Together with the World Catholic Climate Movement, we organized an act of prayer and reflection on the canticle of creatures in St. Damian. We were accompanied by about one hundred young people from Assisi, as well as the mayor of Assisi, Stefania Proietti, Bishop Domenico Sorrentino, Bishop of Assisi, P. Josh Kureethadam, S.D.B. of the Commission for Creation of the Dicastery for integral human development, the brothers of the fraternity of San Damiano (Novitiate) and the JPIC animators of the Italian Conference (COMPI). After the prayer, we marched to the main square of Assisi to join the millions of young people around the world who demand new policies in the face of the climate crisis. The “climate strike” march ended in front of the city hall of Assisi, where the young people shouted: “Laudato si”! For an integral ecology, live Laudato si’.

Venerable Olinto Fedi, Founder of the Institute of the Franciscan Sisters of the Immaculate

 

DECREE OF PROMULGATION

 

On Thursday, 28 November 2019, the Holy Father Francis received His Eminence the Most Reverend Cardinal Angelo Becciu, Prefect of the Congregation for the Causes of Saints,  and authorized the promulgation of Decrees regarding:

the heroic virtues of the Servant of God Olinto Fedi, diocesan priest, Founder of the Institute of the Franciscan Sisters of the Immaculate, born in Signa, Florence, on 3 October 1841, and died there on 23 January 1923.

 

The Venerable Olinto Fedi (1841-1923) was a priest of the diocese of Florence. He exercised his pastoral activity in the parish of San Mauro a Signa, for about 60 years, from 1864 to his death. Attracted to Franciscan spirituality, he professed the rule of the Third Order and in 1876 founded the Institute of the Franciscan Sisters of the Immaculate with its headquarters in San Piero a Ponti. Through them, he was able to organize an effective program of catechesis and support, according to the people’s needs. He was a model of pastoral charity entirely dedicated to the good of his faithful. He promoted the formation of consciences, associations of Catholic laity, and the defence of workers’ rights. His cause for beatification began in 1999.

 

Communique from the General Definitory – Tempo Forte of November 2019

Due to the meeting of the General Definitory with the General Visitors, the opening of the working sessions was brought forward to Friday, 8 November. Since the Minister General was still absent, the Vicar General, Br. Julio César BUNADER, presided over the meetings.

The first session was entirely devoted to sharing on the activity carried out by the members of the General Definitory in the weeks after the Tempo Forte in September.

During the following sessions, some issues related to the personnel of the Houses of Rome dependent on the General Minister (General Curia, International College of St. Anthony and College of Lateran Penitentiaries) were discussed.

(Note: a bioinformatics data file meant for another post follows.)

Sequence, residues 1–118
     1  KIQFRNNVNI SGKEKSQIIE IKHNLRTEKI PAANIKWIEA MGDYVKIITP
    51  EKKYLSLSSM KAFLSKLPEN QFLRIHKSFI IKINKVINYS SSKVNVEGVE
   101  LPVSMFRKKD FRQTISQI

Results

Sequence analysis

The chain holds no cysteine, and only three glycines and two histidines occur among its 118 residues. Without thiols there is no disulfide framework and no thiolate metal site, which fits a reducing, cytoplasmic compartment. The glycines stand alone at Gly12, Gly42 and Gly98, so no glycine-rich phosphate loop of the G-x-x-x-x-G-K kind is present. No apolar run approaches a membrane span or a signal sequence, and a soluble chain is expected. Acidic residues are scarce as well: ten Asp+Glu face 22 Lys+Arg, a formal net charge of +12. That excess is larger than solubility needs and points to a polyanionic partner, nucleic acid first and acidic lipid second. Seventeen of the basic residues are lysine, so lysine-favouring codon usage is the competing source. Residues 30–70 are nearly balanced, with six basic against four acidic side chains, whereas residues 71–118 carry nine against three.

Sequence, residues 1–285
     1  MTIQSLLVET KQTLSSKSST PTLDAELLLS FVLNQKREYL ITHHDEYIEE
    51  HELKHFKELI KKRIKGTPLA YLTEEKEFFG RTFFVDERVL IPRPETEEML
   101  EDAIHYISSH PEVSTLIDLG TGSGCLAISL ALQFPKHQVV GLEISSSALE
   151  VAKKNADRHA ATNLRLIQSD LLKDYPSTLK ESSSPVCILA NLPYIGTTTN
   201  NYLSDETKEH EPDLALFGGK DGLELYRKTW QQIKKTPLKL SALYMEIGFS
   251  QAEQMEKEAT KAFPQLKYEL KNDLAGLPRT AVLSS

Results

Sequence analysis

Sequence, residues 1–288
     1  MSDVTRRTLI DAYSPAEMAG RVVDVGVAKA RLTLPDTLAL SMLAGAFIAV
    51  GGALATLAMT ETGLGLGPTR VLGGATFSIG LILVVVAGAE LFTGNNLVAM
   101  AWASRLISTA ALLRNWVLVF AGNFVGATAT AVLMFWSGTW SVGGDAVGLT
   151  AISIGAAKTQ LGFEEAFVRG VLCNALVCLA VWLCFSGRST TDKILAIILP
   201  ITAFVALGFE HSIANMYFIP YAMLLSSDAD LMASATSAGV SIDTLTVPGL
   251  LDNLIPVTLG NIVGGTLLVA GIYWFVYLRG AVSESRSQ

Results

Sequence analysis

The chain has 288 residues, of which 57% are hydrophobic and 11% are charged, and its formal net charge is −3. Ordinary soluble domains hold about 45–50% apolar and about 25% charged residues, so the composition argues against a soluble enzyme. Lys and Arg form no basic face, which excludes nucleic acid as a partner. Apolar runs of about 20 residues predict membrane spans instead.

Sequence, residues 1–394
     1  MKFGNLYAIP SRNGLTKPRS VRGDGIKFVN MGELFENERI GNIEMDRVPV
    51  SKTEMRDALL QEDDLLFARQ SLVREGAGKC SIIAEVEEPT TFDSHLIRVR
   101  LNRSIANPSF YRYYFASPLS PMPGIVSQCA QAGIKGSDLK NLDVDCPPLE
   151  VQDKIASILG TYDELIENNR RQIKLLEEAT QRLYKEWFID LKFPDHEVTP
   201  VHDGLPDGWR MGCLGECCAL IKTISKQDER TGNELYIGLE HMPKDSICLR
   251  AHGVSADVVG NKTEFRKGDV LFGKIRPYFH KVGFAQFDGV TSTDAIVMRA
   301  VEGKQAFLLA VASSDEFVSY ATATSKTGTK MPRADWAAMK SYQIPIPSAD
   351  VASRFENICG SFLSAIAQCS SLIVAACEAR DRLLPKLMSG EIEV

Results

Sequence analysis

Br. Estevão OTTENBREIT was elected Visitator General to the Fraternity of the College of Penitentiaries of the Papal Archbasilica of St. John Lateran.

Several dossiers were dealt with from the General Procurator’s Office, including the following requests for:

  • information on accusations concerning graviora delicta (2);
  • information re friars in more uxorio relationships (2);
  • dispensation from the obligations deriving from the clerical state and solemn vows (3);
  • secularisation pure et simpliciter (2);
  • dispensation from solemn vows (3)
  • dispensation from temporary vows (1).

 

The candidates for service as Minister Provincial for the Province of St. Francis of Assisi in Vietnam were approved.

The Acts of the elections that took place were ratified:

  • in the Chapter of the Province of St. Francis in Brazil (Porto Alegre);
  • in the “intermediate” chapters (election of Definitors) of the Provinces of St. Francis in Quito (Ecuador), St. Philip of Jesus (Mexico) and St. Francis Solanus (Argentina);
  • in the Capitular Congresses of 6 Provinces and 1 Custody;
  • extra-capitular: 10 Guardians in four different entities.

 

Eight Reports presented by the Visitators General at the end of their service were analysed and discussed; so too was the Report on the situation of the two Apostolic Vicariates of Libya, entrusted to the care of the Minister General.

The General Definitory met with Br. John PUODZIUNAS, General Treasurer, who presented the 2020 Budget for the Houses and Entities that are headed by the General Curia; other economic and financial issues were also discussed.